John Hudson visits a national library with a difference in Frankfurt, home of the European Central Bank and the famous Buchmesse. The Deutsche Nationalbibliothek reflects the unique and often troubled history of Europe’s economic powerhouse…

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A model of The Deutsche Nationalbibliothek, Frankfurt, in the library foyer.

Unity, Diversity and a Touch of Love

"Welcome to the German National Library.”

I am greeted by Elke Jost-Zell. The two of us meet under a 3 metre high sculpture by German artist Georg Baselitz entitled Armalamor that resembles a 3d version of one of Picasso’s Desmoiselles d’Avignon.

“Libraries are a great place for romance,” says Elke, standing by the very nubile figure. “Baselitz knew this when he created Armalamor.”

She, or should I say it, is certainly striking, raised beneath the Deutsche Nationalbibliothek’s domed central entrance area. And I appreciate Elke’s point: libraries do not seduce by books alone and Frankfurt being a large university town, I am sure that young love’s lamp is lit across the hushed aisles and studied stacks of this impressive building.

“Over here we can get a better look at our building.” Elke leads me over to a scale model in a glass cabinet. “It was opened in 1997. What you see here is only half the building, though. There is as much below ground as above. We shall visit that later.”

I observe, as far as my preparatory research has shown, that Frankfurt am Main is but one arm of the national library.

“Yes, there are two branches. Here, in Frankfurt, which is the younger, and in Leipzig. But there are other historic libraries in Berlin, Munich, Göttingen and Wolfenbüttel who fulfil tasks of a classic national library.”

I have to confess that I had not heard of Wolfenbüttel. Elke smiles then goes on to give me a potted history of this diverse and fascinating institution.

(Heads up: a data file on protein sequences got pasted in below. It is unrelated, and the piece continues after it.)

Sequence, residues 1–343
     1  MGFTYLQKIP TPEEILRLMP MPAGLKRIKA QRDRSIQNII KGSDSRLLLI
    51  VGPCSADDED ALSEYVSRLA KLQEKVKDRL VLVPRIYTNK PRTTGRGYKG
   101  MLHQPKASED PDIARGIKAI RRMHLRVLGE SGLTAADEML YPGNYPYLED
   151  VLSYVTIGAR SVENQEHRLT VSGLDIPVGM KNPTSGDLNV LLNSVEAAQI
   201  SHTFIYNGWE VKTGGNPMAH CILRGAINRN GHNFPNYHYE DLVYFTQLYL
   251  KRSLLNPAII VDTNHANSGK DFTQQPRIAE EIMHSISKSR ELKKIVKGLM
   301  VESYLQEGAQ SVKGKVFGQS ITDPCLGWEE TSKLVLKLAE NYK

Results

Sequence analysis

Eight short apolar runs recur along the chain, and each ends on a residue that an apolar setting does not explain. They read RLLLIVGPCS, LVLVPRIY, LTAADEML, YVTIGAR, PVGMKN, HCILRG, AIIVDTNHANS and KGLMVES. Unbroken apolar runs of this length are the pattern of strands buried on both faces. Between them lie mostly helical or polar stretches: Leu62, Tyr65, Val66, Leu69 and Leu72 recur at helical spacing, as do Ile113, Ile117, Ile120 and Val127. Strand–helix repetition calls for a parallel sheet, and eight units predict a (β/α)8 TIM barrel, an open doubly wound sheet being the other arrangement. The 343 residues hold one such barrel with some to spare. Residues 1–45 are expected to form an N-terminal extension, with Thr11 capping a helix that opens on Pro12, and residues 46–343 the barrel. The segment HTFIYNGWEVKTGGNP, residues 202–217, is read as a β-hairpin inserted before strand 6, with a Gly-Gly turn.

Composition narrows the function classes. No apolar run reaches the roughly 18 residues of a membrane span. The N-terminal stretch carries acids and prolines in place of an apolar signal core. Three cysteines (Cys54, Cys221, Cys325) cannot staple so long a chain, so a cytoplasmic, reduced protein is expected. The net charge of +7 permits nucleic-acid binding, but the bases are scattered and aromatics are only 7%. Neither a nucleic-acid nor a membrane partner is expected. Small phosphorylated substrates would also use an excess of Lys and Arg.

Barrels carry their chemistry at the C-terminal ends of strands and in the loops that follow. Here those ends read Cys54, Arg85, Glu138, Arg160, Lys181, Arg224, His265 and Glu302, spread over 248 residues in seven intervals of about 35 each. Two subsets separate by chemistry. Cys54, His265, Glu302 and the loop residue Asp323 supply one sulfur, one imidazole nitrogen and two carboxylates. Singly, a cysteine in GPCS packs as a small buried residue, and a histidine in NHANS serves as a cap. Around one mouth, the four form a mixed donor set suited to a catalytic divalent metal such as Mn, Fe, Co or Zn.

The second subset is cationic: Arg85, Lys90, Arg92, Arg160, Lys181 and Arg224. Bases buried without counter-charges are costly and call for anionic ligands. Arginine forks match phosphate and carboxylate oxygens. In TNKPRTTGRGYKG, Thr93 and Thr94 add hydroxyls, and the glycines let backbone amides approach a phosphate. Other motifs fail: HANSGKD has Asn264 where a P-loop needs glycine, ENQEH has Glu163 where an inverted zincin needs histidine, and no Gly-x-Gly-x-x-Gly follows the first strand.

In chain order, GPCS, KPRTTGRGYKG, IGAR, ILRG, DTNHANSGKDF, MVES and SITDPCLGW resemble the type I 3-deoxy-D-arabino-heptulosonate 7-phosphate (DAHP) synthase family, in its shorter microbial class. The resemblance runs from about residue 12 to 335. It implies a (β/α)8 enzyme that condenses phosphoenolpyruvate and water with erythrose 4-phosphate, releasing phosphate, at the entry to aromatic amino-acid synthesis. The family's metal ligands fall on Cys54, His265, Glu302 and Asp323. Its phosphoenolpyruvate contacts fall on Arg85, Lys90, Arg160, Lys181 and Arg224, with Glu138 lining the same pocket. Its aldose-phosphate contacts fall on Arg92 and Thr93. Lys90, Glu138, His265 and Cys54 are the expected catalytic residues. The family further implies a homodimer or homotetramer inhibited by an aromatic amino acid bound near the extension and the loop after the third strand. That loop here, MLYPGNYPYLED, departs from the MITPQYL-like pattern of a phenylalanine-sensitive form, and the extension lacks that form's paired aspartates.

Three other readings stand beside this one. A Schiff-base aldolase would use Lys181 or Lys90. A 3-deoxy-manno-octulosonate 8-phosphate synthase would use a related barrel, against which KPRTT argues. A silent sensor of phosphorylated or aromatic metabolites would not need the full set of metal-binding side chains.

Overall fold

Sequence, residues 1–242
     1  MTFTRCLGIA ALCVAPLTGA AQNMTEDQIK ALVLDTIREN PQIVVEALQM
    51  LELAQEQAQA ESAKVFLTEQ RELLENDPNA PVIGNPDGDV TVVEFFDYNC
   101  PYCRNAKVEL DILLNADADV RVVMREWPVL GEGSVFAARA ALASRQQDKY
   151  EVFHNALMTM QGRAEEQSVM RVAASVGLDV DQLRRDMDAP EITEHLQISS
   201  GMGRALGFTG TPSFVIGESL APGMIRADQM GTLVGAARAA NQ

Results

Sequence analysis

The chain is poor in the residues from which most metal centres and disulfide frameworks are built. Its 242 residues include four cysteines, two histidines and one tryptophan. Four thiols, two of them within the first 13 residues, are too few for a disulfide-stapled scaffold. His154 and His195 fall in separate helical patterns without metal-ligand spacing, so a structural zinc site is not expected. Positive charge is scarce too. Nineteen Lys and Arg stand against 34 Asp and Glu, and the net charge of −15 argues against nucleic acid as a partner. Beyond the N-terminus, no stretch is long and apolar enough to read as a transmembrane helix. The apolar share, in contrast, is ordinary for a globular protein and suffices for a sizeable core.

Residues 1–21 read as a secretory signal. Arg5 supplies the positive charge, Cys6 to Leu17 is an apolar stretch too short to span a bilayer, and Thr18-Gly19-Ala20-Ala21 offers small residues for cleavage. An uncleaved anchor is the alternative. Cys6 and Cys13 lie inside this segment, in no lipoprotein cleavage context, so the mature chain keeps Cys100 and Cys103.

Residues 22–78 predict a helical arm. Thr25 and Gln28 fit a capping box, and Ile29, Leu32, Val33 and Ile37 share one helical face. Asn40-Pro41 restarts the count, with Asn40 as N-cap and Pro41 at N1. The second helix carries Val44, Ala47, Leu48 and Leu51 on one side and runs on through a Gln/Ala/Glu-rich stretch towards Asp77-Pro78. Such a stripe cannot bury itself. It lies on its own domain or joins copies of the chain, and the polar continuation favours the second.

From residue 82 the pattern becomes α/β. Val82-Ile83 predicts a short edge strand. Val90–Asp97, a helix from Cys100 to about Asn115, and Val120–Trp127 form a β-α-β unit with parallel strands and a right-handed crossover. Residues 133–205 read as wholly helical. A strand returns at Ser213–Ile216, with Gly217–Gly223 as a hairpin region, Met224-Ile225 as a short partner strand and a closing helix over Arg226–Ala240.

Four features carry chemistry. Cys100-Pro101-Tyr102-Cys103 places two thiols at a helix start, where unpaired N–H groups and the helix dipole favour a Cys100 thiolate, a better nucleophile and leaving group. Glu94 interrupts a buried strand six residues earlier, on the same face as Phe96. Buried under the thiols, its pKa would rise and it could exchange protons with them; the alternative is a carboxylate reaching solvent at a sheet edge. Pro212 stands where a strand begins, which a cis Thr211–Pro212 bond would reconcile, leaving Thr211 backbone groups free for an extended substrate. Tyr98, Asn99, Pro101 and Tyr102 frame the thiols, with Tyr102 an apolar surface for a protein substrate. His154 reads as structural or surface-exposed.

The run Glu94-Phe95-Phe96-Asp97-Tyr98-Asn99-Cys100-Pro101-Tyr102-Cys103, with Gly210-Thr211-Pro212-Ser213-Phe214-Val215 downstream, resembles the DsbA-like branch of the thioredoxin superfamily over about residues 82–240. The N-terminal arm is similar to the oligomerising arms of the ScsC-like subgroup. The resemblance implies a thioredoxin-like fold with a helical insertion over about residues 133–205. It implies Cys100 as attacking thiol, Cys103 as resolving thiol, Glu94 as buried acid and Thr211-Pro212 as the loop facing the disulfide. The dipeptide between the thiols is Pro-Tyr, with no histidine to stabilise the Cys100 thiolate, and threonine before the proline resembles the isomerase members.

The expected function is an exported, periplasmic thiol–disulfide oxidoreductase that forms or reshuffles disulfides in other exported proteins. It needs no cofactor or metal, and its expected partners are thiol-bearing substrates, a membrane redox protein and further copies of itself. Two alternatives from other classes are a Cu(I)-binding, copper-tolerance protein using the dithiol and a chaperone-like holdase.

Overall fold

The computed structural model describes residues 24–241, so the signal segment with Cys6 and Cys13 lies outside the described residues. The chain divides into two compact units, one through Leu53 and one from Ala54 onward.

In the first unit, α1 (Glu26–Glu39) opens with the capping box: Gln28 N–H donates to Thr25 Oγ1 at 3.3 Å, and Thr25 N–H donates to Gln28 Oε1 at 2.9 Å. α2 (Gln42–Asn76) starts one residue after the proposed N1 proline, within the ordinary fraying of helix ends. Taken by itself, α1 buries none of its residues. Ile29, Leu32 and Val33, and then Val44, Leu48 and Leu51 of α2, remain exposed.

“In 1912, the town of Leipzig and the Association of German Booksellers, agreed to found a German National Library in Leipzig. Starting in 1912, all books published in Germany were systematically collected including translations and books about Germany.”

I remark that the National Library is quite a young institution compared with many in Europe.

“German history is complex: principalities, religions, revolutions, wars. We are, to this day, a federated country, unlike the more centralised countries of Europe, such as France. After the Second World War, division becomes a political reality. So Professor Hanns Wilhelm Eppelsheimer, director of the Frankfurt University Library, established a German archive library based in Frankfurt. The city of Frankfurt agreed to support the library with staff and financial resources while the US military government gave its approval. As a result, there were two national libraries in Germany: one for the GDR and another for the Federal Republic. Two national bibliographic catalogues were published.

“With the reunification of Germany in 1990, the Leipzig and Frankfurt national libraries were merged into a new institution, The German Library (Die Deutsche Bibliothek). And then, in 2006, the ‘Law regarding the German National Library’ expanded the collection brief to include online publications while changing the name of the library and its buildings to "Deutsche Nationalbibliothek."

As we leave the atrium for a set of stairs to view the library’s art collection, Elke explains that the institution is still in a state of development. The all-important music archive, which collects printed and recorded music, moved from Berlin to Leipzig in 2010. For a country that might reasonably lay claim to making the most significant contribution to western music, the Deutsche Musikarchiv (DMA) surely represents one of the world’s treasures.

On an expansive landing on the first floor of the building, I am once again engaged by the German love of the human form, usually naked. Elke confesses that she doesn’t bring all her guests here as it is “rather revealing” but I am also struck by the sculpted metal busts of figures that are lean or enquiring, introspective, serene, noble or atavistic: heads that we might see bent over a book in the reading rooms around this building.

In the corridor leading from the sculptur